Effects of permafrost melting on CO2 and CH4 exchange of a poorly drained black spruce lowland
Article first published online: 2 JUN 2006
Copyright 2006 by the American Geophysical Union.
Journal of Geophysical Research: Biogeosciences (2005–2012)
Volume 111, Issue G2, June 2006
How to Cite
2006), Effects of permafrost melting on CO2 and CH4 exchange of a poorly drained black spruce lowland, J. Geophys. Res., 111, G02011, doi:10.1029/2005JG000099., , , and (
- Issue published online: 2 JUN 2006
- Article first published online: 2 JUN 2006
- Manuscript Accepted: 22 FEB 2006
- Manuscript Revised: 8 FEB 2006
- Manuscript Received: 7 SEP 2005
- carbon cycling;
- black spruce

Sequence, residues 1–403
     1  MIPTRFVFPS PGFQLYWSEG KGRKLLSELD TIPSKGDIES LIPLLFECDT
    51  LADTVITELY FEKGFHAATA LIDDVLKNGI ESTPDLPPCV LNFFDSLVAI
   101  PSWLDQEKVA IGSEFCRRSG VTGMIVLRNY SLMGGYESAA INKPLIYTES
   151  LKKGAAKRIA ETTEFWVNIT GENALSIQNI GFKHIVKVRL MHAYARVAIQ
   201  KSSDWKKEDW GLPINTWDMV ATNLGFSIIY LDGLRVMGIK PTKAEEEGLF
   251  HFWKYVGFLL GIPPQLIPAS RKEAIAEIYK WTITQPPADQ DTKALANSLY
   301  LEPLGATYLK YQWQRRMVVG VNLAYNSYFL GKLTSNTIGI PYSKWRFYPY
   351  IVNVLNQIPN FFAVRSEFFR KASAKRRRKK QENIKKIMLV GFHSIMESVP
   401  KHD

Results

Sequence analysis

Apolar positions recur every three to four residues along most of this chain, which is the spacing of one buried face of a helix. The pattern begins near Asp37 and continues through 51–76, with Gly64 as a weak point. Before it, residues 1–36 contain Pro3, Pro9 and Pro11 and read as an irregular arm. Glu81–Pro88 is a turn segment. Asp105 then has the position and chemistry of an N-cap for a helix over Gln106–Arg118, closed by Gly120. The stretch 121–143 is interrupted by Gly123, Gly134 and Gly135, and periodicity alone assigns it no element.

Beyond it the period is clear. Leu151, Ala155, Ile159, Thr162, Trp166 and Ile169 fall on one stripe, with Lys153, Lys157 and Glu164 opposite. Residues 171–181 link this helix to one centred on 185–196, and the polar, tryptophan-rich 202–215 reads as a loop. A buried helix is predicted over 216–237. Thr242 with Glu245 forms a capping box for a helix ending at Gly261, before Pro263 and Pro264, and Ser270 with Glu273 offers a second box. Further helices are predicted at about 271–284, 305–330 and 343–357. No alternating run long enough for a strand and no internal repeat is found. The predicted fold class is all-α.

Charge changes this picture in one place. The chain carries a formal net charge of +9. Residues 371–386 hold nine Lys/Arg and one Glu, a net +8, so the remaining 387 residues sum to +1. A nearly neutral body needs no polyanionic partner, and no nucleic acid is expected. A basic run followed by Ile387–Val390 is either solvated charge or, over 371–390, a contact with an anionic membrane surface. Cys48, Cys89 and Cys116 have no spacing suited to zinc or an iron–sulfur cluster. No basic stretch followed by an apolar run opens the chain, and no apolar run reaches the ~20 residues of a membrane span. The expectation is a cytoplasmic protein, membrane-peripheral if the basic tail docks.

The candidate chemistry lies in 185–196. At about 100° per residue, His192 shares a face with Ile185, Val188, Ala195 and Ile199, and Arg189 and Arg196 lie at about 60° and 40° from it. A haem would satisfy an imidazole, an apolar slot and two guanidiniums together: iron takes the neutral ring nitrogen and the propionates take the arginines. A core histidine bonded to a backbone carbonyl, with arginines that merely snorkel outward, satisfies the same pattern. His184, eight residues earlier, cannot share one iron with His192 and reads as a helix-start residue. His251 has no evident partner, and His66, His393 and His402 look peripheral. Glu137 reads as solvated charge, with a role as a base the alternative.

Permafrost melting is occurring in areas of the boreal forest region where large amounts of carbon (C) are stored in organic soils. We measured soil respiration, net CO2 flux, and net CH4 flux during May–September 2003 and March 2004 in a black spruce lowland in interior Alaska to better understand how permafrost thaw in poorly drained landscapes affects land-atmosphere CO2 and CH4 exchange. Sites included peat soils underlain by permafrost at ∼0.4 m depth (permafrost plateau, PP), four thermokarst wetlands (TW) having no permafrost in the upper 2.2 m, and peat soils bordering the thermokarst wetlands having permafrost at ∼0.5 m depth (thermokarst edges, TE). Soil respiration rates were not significantly different among the sites, and 5-cm soil temperature explained 50–91% of the seasonal variability in soil respiration within the sites. Groundcover vegetation photosynthesis (calculated as net CO2 minus soil respiration) was significantly different among the sites (TW > TE > PP), which can be partly attributed to the difference in photosynthetically active radiation reaching the ground at each site type. Methane emission rates were 15 to 28 times greater from TW than from TE and PP. We modeled annual soil respiration and groundcover vegetation photosynthesis using soil temperature and radiation data, and CH4 flux by linear interpolation. We estimated all sites as net C gas sources to the atmosphere (not including tree CO2 uptake at PP and TE), although the ranges in estimates when accounting for errors were large enough that TE and TW may have been net C sinks.